Using soil biomass as an indicator for the biological removal of effluent-derived organic carbon during soil infiltration

Tanja Rauch-Williams, Jörg E. Drewes

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71 Scopus citations


This study investigates the relationship between soil biomass and organic carbon removal during the infiltration of conventionally treated effluents used for groundwater recharge during soil-aquifer treatment (SAT). Investigations were conducted on samples collected from full-scale SAT sites, revealing a positive correlation between biodegradable organic carbon (BOC) concentrations in the recharged effluents and total viable soil biomass concentrations in the infiltration zone of soil samples collected from respective recharge basins. Findings of this study suggest that BOC limits soil biomass growth and was able to support a steady-state concentration of viable soil biomass that is characteristic to BOC concentrations introduced with the recharged effluents. All investigated sites indicate that BOC is primarily removed within 30 cm soil depth leading to a significant increase in soil biomass levels (measured as substrate induced respiration (SIR), total viable biomass, and dehydrogenase activity (DHA)). Controlled biological column studies revealed that the primary components of BOC in domestic effluents are organic colloids. Findings of this study support that hydrophobic acids, commonly believed to be recalcitrant, may also be attenuated by biological processes during soil infiltration.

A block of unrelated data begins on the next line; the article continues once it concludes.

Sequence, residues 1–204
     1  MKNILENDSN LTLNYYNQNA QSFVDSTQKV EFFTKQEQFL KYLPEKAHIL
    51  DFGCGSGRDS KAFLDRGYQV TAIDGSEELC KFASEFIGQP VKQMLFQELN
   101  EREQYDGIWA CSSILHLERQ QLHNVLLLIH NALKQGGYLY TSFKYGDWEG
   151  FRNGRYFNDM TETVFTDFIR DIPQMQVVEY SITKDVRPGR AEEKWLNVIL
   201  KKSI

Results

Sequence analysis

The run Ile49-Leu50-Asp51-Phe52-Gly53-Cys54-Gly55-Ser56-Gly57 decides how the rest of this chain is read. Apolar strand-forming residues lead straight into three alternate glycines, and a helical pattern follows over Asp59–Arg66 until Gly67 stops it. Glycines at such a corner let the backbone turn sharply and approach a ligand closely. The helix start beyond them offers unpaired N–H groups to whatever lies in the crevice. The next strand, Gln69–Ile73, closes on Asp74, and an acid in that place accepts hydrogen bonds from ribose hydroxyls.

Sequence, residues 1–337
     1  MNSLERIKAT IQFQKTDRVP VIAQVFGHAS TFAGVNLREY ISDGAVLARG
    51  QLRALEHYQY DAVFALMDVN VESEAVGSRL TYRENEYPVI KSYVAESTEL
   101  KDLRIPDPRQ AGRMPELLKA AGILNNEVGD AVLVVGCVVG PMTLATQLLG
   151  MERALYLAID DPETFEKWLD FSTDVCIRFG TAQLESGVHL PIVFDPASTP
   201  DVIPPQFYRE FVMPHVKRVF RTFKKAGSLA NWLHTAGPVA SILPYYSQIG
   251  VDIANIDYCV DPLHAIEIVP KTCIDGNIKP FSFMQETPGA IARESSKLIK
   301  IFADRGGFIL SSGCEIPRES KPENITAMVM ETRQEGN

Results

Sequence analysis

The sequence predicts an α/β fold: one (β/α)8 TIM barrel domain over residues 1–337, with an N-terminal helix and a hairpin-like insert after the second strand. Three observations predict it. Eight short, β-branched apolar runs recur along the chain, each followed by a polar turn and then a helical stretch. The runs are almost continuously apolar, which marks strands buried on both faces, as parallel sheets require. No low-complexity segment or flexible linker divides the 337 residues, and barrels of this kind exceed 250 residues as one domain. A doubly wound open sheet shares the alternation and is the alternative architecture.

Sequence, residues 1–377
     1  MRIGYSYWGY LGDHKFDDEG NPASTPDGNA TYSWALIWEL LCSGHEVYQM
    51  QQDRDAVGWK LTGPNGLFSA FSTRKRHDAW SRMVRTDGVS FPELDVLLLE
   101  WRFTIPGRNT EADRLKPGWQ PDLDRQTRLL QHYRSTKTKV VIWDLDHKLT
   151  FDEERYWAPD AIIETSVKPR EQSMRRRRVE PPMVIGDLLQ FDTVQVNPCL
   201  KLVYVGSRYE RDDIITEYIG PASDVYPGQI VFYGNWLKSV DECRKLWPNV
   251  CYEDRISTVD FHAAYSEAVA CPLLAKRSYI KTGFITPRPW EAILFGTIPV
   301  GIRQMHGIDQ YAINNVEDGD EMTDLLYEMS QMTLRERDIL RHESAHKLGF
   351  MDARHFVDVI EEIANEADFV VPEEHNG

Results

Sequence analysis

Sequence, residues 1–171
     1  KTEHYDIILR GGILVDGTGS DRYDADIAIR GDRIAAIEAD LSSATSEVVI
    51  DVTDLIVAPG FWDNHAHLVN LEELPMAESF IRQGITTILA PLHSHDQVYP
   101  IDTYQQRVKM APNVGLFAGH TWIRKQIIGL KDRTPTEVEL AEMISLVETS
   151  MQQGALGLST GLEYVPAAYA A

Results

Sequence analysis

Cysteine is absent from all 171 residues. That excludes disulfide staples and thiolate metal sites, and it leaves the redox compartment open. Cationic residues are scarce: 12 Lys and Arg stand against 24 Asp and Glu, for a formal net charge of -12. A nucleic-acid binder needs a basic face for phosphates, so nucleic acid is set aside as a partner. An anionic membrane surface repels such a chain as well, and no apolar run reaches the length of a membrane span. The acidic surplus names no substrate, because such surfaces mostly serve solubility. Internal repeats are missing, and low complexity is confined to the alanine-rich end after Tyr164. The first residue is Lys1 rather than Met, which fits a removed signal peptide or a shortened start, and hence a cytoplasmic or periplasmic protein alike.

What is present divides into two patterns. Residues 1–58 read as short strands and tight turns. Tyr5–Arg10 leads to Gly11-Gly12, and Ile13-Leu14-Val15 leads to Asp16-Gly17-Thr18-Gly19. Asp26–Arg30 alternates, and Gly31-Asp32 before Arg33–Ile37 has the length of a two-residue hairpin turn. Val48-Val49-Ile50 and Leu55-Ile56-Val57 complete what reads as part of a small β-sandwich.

Original languageEnglish
Pages (from-to)961-968
Number of pages8
JournalWater Research
Issue number5
StatePublished - Mar 2006
Externally publishedYes


  • Artificial recharge
  • Biodegradable organic carbon (BOC)
  • Effluent organic matter
  • Removal mechanisms
  • Soil aquifer treatment
  • Soil biomass
  • Soil infiltration


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